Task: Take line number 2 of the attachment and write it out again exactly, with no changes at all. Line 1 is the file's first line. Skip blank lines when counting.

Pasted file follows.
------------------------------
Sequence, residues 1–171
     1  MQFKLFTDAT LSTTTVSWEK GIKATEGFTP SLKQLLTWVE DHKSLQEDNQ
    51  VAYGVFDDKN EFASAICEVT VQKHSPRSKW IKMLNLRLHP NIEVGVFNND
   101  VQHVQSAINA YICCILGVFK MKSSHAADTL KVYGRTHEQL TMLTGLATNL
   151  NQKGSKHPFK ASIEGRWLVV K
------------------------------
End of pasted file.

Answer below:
     1  MQFKLFTDAT LSTTTVSWEK GIKATEGFTP SLKQLLTWVE DHKSLQEDNQ